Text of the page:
I took a short trip this weekend to see some flamenco. I would have loved to have gone to Seville, but it’s not in the cards this month.
As a traveler, someone who is willing to submerge themselves in another culture, it’s important to keep exploring, even when we are rooted.
It’s so important, not only for us, but for the people who want to bring the gifts of their culture to share.
It might even be more helpful to explore a culture when you are settled in your own world instead of being overwhelmed by immersion in a culture to the point that you miss subtleties because you are just trying to keep your feet on the ground and function.
One huge cultural difference I noticed during this performance was that the dancer (Salli Gutierrez) and the singer rarely smiled. When I was a young girl I took ballet classes and they taught us to put vaseline on our teeth and to smile the ENTIRE time we were on stage. Almost like we had to prove that we were enjoying the experience of the performance.
In contrast to that forced expression of joviality, the flamenco experience was much more impactful emotionally. The singer was not trying to make eye contact with us as an audience, connect with us, or really even impress us. She was holding such intense internal concentration that she barely even opened her eyes.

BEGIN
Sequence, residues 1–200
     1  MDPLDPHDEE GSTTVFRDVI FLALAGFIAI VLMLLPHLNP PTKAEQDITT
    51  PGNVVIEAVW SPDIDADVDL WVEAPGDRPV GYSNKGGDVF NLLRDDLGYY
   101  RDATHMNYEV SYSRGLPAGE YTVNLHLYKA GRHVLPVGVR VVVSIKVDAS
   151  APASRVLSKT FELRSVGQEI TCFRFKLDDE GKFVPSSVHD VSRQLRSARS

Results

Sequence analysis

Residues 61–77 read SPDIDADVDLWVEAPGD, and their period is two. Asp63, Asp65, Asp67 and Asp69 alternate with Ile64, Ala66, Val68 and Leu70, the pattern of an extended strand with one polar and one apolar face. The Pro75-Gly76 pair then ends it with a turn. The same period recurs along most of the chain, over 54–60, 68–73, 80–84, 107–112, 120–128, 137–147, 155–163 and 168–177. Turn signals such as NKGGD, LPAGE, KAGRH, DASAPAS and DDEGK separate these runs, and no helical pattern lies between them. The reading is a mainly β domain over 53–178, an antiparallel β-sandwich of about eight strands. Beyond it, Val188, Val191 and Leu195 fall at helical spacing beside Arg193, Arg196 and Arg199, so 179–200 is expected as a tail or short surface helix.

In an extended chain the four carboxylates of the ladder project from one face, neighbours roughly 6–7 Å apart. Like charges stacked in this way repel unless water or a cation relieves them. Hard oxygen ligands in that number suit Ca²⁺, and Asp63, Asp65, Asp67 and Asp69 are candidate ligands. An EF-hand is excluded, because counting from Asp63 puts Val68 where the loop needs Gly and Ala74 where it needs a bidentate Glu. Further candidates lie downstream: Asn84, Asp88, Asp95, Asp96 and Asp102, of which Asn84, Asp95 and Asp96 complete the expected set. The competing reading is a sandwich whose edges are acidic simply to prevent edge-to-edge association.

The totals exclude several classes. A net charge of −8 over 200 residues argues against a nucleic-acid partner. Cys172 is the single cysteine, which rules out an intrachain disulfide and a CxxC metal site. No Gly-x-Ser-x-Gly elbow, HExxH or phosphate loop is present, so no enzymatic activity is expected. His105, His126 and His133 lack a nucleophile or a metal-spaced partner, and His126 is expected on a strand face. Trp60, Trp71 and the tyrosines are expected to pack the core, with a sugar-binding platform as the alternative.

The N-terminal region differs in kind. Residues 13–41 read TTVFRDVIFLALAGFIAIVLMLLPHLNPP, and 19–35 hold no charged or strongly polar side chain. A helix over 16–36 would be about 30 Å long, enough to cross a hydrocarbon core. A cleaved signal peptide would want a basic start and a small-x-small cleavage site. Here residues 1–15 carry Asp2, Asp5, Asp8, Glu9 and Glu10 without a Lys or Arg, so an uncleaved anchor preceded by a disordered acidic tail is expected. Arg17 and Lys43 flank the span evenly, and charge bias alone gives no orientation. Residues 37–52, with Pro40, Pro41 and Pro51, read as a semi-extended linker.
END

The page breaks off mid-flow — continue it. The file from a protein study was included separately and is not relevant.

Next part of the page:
That experience had so much more depth for me. I also had the chance to sink inside myself and FEEL what she was singing about. I didn’t have to think about giving her feedback at all till the end because she wasn’t reaching out to connect with me as an audience member.
My ex-husband is from Bhutan, a tiny country in the Himalayas. When he showed me pictures of his family, they all looked so stern. I thought to myself “They must be intense people that have faced so many hardships. They can’t even smile for a picture”. But after a trip home, my husband showed me his pictures. He wasn’t smiling either.
“Did you have a good time on your trip?” I asked.
“Yes, it was really amazing. Why wouldn’t it be?” he replied.
“Well, you aren’t smiling in any of your pictures.”
It was then that he explained to me that his family really valued being authentic and they thought that mugging for a camera was too insincere. They are right actually. It’s as if we are constantly trying to pose with a happy face to communicate that we are having a good time.
No wonder depression is so rampant in the US. We sweep anything besides a “go-fund-me” level emergency under the rug with representations of our “happy” lives because that’s what we believe is acceptable. We don’t have the courage to wallow in heartache on a stage.
That’s the value of perspective.